38.  Long before AQMAU was called in, the Agency had accepted the application as a valid application. It did not regard the failure to include LLPS emissions in the computer modelling as a fatal defect. The regulations do not require computer modelling of the environmental effects. It may in appropriate circumstances be enough to leave the Agency to draw the obvious inference that emissions of PM10 will, to a greater or lesser extent, affect the quality of the air. The Agency could have determined the application pursuant to paragraph 10.9 of Integrated Pollution Prevention and Control: A Practical Guide on the basis that even if LLPS emissions took air quality over the EQS limit, they made a minor contribution to the pollution and should not affect the grant of a permit to an existing installation. Or it could have decided that the application provided sufficient information to enable AQMAU (or anyone else) to decide for themselves whether LLPS emissions might result in a breach of the EQS limit. It is, as both the judge (at para 38) and the Court of Appeal (at para 84) held, primarily for the regulator to judge the adequacy of the information which the applicant has supplied. Mr Wolfe, who argued the appeal with great learning and ability, did not challenge this proposition. But he said that the gap in the information about the environmental effects of PM10 was so manifest that the Agency could not reasonably have judged the application to be valid. For the reasons I have given, I do not accept this submission. The remarks of Sullivan J in R (Blewett) v Derbyshire County Council [2004] Env LR 29, at para 41 about environmental statements, with which I agree, seem to me equally applicable to applications under the regulations:

“In an imperfect world it is an unrealistic counsel of perfection to expect that an applicant’s environmental statement will always contain the ‘full information’ about the environmental impact of a project. The Regulations are not based upon such an unrealistic expectation. They recognise that an environmental statement may well be deficient, and make provision through the publicity and consultation processes for any deficiencies to be identified so that the resulting ‘environmental information’ provides the local planning authority with as full a picture as possible. There will be cases where the document purporting to be an environmental statement is so deficient that it could not reasonably be described as an environmental statement as defined by the Regulations…but they are likely to be few and far between.”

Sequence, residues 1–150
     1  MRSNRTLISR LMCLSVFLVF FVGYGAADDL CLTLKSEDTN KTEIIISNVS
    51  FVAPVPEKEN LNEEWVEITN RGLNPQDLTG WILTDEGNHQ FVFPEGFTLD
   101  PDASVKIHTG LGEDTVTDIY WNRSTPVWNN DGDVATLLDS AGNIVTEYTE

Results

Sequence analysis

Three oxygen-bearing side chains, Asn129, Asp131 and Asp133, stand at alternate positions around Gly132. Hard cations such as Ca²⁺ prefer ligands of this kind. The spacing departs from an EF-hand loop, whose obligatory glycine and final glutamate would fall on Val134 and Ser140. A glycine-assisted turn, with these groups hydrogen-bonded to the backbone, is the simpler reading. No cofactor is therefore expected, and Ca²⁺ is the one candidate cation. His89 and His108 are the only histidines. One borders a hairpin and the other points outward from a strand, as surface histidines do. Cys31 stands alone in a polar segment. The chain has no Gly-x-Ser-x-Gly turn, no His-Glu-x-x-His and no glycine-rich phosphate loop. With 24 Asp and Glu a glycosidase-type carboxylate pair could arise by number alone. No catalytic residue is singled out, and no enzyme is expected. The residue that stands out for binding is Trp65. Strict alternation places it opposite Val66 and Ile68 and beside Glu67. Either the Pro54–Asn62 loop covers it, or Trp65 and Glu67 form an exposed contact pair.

39.  In agreement with the judge and the Court of Appeal, I therefore think that the Agency was entitled to find that the application was valid.

40.  Mr Wolfe’s alternative submission on the Regulations was that even if the application was valid, the Agency was not entitled to take into account information which had been supplied by the company pursuant to an informal request. The fact that the Regulations gave the Agency power to request information formally, coupled with the duty to put the request and the answer on the register, gave rise to an implied obligation on the Agency not to accept significant information from the applicant otherwise than in the application or by formal request. Otherwise the publicity requirements of regulation 29 could be evaded by secret communications between the applicant and the Agency.

41.  As I have said, I doubt the factual basis for the allegation that significant new information was supplied. But I also do not think that one can imply into the Regulations any restriction on the information which the Agency may obtain by informal inquiry. Plainly the application has to provide the statutory minimum of information. Recital 13 of the IPPC directive says that “applications for permits under this Directive should include minimum data". But this requirement does not seem to me inconsistent with the Agency being able to ask for more data if it finds it necessary or useful in determining the application. On the contrary, that seems to be implied in the use of the term “minimum data". In allowing formal requests for additional information under para 4 of Schedule 4, the Regulations assume that an application may satisfy the minimum requirements of the directive but the Agency may still consider that it needs more information to make a decision. That seems to me correct. And since the directive makes no distinction between formal and informal methods of obtaining supplementary information, it would follow that informal inquiries are not inconsistent with the directive. But the directive does not require the results of such inquiries to be published.